Monday, February 28, 2011

Some Old Costumes

Well, in going through my pictures of past costumes, most of them end up disappointing me. While I was quite delighted with them at the time, they're well below the level of fitting, finishing, and embellishing that I would insist on today. Which of course is fine -- we are talking about patterns I made 10 or more years ago. So rather than giving them each their own post, I'll lump a couple together at a time.

I called the first one here my Evenstar dress. Now, I believe I conceptualized this costume well before the Lord of the Rings movies came out (I was always a huge Tolkien fan) so I'm a little amused at some of the similarities in styles compared to the costumes for Arwen Evenstar in the movie. (I should note that I've since created another Evenstar dress, specifically based on the movie costumes, but I'll give that one its own post. I need to get some proper pictures of it anyway.)

Anyway, the dress was basically me just following the McCall's pattern 3010 (making it a whole size smaller, because good lord, McCalls patterns were huge at the time. Maybe they still are, but I no longer use them at all because of too many bad fitting experiences when I was younger).

A very melodramatic looking dress. I think, if I recall properly, I ended up finding a $3 lining that happened to be a satin, and a $2 clearance-section sheer drapery, so my fabric costs were probably something like $15 altogether. (And really, you can tell. The "satin" is obviously thin in the photos.)

Looking at it now, I think I deliberately shortened the waistline to make it a true empire waist rather than the longer waistline in the pattern. That would have been the extent of my fitting skills at the time, anyway.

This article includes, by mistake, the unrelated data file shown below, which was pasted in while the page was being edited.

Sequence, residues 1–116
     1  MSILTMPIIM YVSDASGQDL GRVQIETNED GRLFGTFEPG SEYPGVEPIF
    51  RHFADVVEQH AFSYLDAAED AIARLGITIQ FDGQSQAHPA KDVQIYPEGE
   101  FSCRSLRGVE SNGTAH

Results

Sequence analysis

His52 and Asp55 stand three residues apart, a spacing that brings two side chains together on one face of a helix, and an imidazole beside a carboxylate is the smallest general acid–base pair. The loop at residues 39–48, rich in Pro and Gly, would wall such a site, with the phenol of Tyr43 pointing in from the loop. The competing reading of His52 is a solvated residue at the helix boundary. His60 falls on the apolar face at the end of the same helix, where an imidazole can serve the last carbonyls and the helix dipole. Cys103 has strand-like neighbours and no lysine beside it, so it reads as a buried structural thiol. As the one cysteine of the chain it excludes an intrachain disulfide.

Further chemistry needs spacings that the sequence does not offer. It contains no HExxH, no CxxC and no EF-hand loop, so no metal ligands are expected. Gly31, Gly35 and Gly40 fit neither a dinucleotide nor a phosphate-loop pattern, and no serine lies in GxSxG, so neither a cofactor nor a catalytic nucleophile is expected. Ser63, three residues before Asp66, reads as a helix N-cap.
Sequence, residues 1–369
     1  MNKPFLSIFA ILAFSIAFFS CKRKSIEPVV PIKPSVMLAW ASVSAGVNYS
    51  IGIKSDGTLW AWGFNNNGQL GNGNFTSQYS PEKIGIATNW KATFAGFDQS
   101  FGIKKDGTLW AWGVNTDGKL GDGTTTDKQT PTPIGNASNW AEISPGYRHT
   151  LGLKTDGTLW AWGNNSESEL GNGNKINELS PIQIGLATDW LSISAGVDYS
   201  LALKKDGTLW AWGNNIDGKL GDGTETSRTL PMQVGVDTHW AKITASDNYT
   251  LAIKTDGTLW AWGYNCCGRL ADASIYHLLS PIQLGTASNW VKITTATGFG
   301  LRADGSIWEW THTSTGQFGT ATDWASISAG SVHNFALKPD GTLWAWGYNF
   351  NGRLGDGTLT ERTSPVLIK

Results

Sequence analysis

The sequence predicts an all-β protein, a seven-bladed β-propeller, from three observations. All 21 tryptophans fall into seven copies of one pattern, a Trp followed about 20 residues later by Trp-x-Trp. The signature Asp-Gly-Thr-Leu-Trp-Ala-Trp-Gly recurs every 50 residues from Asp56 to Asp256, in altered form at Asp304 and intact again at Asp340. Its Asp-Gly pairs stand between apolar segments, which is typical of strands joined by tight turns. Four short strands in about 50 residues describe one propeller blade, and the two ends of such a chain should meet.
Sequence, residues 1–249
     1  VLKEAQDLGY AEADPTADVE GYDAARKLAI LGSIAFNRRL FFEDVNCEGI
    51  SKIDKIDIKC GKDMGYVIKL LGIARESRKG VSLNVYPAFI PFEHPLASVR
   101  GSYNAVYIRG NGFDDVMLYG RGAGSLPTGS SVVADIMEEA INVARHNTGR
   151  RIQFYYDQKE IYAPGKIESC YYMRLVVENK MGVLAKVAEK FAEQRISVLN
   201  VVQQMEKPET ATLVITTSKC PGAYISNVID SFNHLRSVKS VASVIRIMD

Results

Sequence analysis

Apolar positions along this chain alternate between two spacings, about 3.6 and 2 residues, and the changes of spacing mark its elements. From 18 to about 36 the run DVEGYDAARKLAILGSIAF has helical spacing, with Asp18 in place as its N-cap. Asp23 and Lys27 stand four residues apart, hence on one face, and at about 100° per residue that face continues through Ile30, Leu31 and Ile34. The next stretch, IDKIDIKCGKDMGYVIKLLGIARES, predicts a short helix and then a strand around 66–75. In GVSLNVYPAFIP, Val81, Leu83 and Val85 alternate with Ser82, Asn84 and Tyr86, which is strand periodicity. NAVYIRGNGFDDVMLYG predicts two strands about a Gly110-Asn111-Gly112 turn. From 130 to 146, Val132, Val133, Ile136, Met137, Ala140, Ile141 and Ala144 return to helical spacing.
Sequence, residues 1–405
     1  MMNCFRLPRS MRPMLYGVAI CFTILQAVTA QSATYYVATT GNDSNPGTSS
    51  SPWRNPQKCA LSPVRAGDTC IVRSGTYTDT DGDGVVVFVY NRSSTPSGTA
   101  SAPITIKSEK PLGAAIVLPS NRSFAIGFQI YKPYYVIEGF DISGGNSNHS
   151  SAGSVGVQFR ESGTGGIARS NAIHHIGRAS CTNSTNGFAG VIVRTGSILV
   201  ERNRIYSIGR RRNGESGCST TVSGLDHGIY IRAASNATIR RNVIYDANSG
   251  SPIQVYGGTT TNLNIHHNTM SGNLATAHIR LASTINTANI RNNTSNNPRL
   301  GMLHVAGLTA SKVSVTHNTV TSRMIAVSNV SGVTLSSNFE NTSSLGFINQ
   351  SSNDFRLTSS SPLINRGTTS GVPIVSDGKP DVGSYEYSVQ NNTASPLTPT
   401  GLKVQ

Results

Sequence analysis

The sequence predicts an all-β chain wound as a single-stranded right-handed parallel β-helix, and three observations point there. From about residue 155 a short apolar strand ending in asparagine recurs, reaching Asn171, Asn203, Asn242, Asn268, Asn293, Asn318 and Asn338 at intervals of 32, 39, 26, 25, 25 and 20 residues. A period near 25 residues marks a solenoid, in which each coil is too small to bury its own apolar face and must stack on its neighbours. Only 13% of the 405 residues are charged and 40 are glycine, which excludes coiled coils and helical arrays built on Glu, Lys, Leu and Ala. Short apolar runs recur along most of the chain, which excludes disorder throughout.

You'll have to pretend there isn't a chain-link fence in the back of that photo. I was trying to be dramatic.

I did make an attempt at a bit of embellishment -- there are three marquise-shaped jewels at the center front under the bodice. I recall being quite pleased with that little addition at the time.

My next exhibit is made from Simplicity pattern 8623:

and it is a fine example of a dress that needs a crinoline to look good in any way. It's reasonably graceful looking, if you're kneeling down in a rose garden:

But as soon as you stand up...

All you really notice in the picture is the lack of a crinoline! (And I'm not sure how I ever ignored the horizontal wrinkling. The dress is big enough to go on without a zipper and just laces up at the sides to gather in the excess. The wrinkling is pretty much inevitable.)

It's okay, though, because as long as you pose the photo with the sunset aimed at just the right angle to overexpose much of the dress, it looks excellent!

1 comment:

  1. Many pretty white dresses! Being often guilty of failing to wear a crinoline, I could hardly fault you. Am terribly jealous that you look good in white.